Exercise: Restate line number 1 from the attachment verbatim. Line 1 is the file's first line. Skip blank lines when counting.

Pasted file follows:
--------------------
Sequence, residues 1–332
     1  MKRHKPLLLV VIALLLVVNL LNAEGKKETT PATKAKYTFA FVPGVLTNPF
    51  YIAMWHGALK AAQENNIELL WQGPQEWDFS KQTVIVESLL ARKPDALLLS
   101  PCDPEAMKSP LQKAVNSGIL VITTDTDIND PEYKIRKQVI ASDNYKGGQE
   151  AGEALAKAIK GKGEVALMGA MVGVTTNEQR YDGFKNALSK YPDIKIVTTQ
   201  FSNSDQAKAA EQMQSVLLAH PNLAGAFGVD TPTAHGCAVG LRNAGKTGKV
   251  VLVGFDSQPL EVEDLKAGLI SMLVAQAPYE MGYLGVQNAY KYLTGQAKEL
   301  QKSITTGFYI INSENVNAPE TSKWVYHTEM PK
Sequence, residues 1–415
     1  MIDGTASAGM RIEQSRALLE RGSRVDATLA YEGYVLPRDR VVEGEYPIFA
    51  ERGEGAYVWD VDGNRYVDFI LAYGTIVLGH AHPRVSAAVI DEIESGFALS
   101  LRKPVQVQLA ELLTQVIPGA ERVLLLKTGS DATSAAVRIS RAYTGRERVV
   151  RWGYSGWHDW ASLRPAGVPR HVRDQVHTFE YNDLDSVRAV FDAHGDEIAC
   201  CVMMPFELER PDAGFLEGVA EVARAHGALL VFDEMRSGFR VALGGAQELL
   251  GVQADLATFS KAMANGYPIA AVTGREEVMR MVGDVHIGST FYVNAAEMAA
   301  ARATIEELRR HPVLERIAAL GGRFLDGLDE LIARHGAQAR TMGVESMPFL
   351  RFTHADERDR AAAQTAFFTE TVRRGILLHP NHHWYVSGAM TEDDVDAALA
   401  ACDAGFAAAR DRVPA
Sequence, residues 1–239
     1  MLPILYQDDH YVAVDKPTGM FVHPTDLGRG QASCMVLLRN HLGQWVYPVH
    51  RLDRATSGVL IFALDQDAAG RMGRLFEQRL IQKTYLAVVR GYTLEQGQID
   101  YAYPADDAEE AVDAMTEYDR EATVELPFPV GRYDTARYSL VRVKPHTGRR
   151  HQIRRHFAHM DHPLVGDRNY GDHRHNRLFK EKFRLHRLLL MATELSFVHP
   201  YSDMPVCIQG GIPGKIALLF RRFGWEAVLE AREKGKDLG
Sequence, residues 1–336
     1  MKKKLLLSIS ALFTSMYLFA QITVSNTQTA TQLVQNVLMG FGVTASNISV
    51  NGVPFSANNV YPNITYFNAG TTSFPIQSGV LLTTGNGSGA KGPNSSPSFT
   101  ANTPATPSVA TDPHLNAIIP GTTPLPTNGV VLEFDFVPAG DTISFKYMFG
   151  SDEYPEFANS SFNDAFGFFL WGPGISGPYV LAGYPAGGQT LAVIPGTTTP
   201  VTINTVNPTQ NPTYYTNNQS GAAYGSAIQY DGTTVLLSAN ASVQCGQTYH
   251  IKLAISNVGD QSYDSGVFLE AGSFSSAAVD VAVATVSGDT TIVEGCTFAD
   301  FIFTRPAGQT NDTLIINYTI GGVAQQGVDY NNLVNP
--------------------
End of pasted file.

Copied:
Sequence, residues 1–332